A Taste of Tianjin

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"Gimme a pig foot, and a bottle of beer" at Tian Jin Chinese Restaurant 

Sometimes known as the Shanghai of the North, Tianjin is a city-state (part of no province) that lies just east of Beijing. It's also known as the Granary of China, since wheat and other grains have been stored there at least since the days of Kublai Khan.

Our first exposure to the cooking of Tianjin was at the now-defunct J & L Mall, where specialties offered at the Tianjin stall included puffy, humongous steamed buns called bao; long, deep-fried crullers; and jian bing--a fried bun thrust inside an egg wrapper, and smeared with a spicy, bean-based sauce, a popular street snack in Beijing.

 

Our second exposure was stall 38 in Flushing's Golden Mall, which is still open and doing business. Tianjin is apparently known for the healthfulness of its food, and as if to confirm this, stall 38 offers salads featuring such fresh ingredients as Chinese celery, toasted peanuts, and various forms of pressed and smoked tofu. The stall also makes small round dumplings stuffed with pork and leeks, and serves a garlic sausage that tastes suspiciously like kielbasa.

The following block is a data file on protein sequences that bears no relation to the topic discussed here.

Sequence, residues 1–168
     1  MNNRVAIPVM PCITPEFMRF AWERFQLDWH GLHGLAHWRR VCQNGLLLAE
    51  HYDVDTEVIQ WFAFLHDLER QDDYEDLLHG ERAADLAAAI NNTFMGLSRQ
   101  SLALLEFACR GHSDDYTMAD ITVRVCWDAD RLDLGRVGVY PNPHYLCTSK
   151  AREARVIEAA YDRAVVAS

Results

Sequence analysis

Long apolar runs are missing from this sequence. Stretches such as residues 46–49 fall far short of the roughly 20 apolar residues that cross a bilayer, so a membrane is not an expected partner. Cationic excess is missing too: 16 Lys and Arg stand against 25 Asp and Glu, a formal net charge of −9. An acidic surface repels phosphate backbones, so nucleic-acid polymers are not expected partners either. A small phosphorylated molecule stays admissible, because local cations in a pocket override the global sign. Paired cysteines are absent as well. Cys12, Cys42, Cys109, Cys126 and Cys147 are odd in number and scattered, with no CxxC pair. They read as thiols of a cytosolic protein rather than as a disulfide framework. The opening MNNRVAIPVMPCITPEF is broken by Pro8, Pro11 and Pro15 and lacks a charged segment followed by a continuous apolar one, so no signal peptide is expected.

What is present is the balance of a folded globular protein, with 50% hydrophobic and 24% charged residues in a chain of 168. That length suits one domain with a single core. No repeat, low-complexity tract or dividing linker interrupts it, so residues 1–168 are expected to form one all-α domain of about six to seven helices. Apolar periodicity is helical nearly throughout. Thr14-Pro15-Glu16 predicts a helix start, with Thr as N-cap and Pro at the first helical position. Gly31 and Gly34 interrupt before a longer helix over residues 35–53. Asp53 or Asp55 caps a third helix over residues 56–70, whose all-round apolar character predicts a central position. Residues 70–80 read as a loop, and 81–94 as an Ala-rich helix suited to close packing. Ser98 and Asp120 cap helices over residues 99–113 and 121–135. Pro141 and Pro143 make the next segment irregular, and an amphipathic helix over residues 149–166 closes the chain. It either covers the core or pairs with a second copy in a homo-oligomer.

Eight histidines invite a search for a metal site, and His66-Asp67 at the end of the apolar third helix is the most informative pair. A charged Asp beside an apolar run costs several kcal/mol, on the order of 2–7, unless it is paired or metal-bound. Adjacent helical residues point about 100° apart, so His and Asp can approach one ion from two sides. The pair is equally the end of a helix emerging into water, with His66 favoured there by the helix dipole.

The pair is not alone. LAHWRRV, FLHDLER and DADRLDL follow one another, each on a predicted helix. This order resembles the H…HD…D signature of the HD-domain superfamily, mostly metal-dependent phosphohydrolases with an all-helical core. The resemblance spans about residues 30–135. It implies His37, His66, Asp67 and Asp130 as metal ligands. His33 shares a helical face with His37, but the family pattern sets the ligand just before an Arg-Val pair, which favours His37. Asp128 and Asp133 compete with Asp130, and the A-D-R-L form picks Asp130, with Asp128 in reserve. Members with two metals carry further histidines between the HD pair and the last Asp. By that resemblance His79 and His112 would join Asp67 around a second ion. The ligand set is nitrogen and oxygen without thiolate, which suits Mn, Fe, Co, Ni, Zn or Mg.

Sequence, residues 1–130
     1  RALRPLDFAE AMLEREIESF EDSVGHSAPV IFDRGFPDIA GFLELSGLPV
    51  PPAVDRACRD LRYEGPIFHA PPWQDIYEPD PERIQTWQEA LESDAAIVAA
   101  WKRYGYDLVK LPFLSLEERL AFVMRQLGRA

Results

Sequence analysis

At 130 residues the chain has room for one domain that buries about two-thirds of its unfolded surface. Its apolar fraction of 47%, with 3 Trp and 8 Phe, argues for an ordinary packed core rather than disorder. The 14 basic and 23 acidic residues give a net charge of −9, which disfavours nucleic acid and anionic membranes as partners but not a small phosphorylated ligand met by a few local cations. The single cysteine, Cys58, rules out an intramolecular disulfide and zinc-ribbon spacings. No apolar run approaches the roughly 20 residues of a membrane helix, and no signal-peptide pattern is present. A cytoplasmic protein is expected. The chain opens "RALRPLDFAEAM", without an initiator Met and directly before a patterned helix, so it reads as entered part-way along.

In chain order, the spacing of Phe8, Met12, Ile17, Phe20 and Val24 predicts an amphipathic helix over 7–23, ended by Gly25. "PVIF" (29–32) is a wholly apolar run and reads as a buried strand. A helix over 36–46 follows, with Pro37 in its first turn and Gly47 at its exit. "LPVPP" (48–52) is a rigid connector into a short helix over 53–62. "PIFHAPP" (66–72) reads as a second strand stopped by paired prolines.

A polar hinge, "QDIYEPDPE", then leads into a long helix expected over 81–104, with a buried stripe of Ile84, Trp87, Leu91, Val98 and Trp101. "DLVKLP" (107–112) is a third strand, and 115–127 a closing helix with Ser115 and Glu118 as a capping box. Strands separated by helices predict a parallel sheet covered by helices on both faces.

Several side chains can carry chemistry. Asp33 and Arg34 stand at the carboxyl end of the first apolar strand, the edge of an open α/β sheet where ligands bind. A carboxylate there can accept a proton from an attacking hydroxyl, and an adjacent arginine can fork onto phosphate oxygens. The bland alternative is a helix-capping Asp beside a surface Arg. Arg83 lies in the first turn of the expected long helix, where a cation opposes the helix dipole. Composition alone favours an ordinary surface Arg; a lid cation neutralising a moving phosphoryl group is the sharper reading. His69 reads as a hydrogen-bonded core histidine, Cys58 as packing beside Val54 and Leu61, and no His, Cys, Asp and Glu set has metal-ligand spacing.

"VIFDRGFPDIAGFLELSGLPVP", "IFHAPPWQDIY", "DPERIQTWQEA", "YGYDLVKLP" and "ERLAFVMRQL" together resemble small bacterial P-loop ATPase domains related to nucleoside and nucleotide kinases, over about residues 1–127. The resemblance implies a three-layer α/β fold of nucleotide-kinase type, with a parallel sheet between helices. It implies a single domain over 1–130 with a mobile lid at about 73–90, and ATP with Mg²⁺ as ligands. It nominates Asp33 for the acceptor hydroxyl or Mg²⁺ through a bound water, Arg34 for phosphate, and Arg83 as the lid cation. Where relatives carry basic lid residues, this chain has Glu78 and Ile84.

Lo and behold, another Tianjin institution has appeared in Flushing, this time with its own storefront, albeit a narrow one. Apparently, there are a significant number of immigrants from Tianjin in Queens.

Flying in the face of the other Tianjinese institutions, Tian Jin Chinese Restaurant specializes in charcuterie, though the product is of a far different sort than you'd find in a southern Chinese charcuterie (ducks, roast pork, etc.). The place is not really much of a restaurant, since there's no seating, but the display of animal flesh in the glass case is amazing, if not always enticing. Pride of place goes to braised pig feet, neatly lined up like soldiers on the way to battle. The braising liquid certainly includes soy sauce, sugar, and sherry wine, and five-spice powder provides further oomph! Yes, the feet are rubbery, and it's hard to get at the meat, fat, and skin wedged between the bones, but the taste is pretty damn good, if you've got plenty of patience.

Also lined up are braised kidneys and pig hearts, anatomically perfect and worth studying before you wolf them down. Less challenging, perhaps, are the braised pullets -- small chickens that look delicious in the glass case. Other organ meats are on display, but you'll have to go there yourself to identify them. (Note: Entrance around the corner on Prince Street). 135-02 Roosevelt Avenue, Flushing, Queens, no phone 

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